Response to appearance of William O'Neill and Dr. Khaled

Ted Vandenberg, M.D

This article is in response to claims made by William O'Neill of the Canadian Cancer Research Group, an Ottawa based cancer information service that has been involved in several high profile Canadian cancer caaes, including Sandra Schmirler, and Tyrell Dueck.

They both appeared on the same radio broadcast on June 24, 2000 of Christine McPhee's The Touch of Health Show on Canadian radio. The broadcast is available on the WWW every Saturday afternoon between 2-4:00 EDT.

Dr. Vandenberg is in a position, as an oncologist, to judge O'Neill's claims and the toll that those practices may exact on desperate cancer patients.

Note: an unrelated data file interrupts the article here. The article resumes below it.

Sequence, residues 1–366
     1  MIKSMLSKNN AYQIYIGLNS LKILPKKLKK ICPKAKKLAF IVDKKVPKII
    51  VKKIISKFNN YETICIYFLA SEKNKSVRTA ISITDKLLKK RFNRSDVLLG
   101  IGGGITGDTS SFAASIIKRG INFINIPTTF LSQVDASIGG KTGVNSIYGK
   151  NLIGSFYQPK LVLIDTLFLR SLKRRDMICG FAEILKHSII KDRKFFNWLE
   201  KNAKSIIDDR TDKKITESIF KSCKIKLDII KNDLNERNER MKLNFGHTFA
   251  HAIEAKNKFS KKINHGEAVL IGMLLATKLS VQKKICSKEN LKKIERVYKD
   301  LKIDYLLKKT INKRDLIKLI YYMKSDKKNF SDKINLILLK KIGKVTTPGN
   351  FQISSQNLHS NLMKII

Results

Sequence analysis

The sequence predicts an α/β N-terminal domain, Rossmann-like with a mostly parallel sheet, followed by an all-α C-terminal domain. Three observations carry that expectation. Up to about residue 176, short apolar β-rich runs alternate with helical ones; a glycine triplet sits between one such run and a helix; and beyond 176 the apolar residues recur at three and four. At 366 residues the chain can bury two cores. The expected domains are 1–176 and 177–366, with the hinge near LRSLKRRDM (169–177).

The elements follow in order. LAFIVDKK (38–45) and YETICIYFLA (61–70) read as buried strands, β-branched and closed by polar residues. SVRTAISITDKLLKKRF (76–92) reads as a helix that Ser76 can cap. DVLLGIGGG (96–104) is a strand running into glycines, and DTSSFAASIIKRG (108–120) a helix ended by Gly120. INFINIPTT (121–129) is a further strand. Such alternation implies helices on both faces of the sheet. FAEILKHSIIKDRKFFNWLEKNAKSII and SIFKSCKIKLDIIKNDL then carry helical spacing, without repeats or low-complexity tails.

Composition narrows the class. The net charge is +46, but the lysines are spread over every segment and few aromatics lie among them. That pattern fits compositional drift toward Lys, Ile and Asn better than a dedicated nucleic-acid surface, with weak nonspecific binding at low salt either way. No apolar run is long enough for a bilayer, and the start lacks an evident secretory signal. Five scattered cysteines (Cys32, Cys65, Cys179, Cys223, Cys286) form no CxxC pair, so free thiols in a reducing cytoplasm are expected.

1-Conventional cancer therapy is criticized by O'Neill because it is based on the belief that cancer is a proliferative disease. In fact, the oncology community realizes very well that carcinogenesis and metastatic behavior is much more complex, involving many cellular and intracellular factors. That is why many of the treatments that have been recently used employ other mechanisms to control disease (inhibition of aromatase enzymes that produce estrogen in postmenopausal women with breast cancer). The research community is rapidly exploring new avenues and therapies that focus more on growth regulation (eg: herceptin), but this will take time. Rome was not built overnight! O'Neill actually commits the same sin that he accuses conventional medical practice of! He feels that the immune system is the key to cancer, when, in fact, it is only a small part of the process. Testing a patient's "biochemical and metabolic profile" (whatever that means) and using orthomolecular medicine assume that you know how to melt an iceberg by testing the snow on top of it. I wish it was that easy. O'Neill claims to take "leading edge approaches" when, in fact, he is really taking a simplistic approach.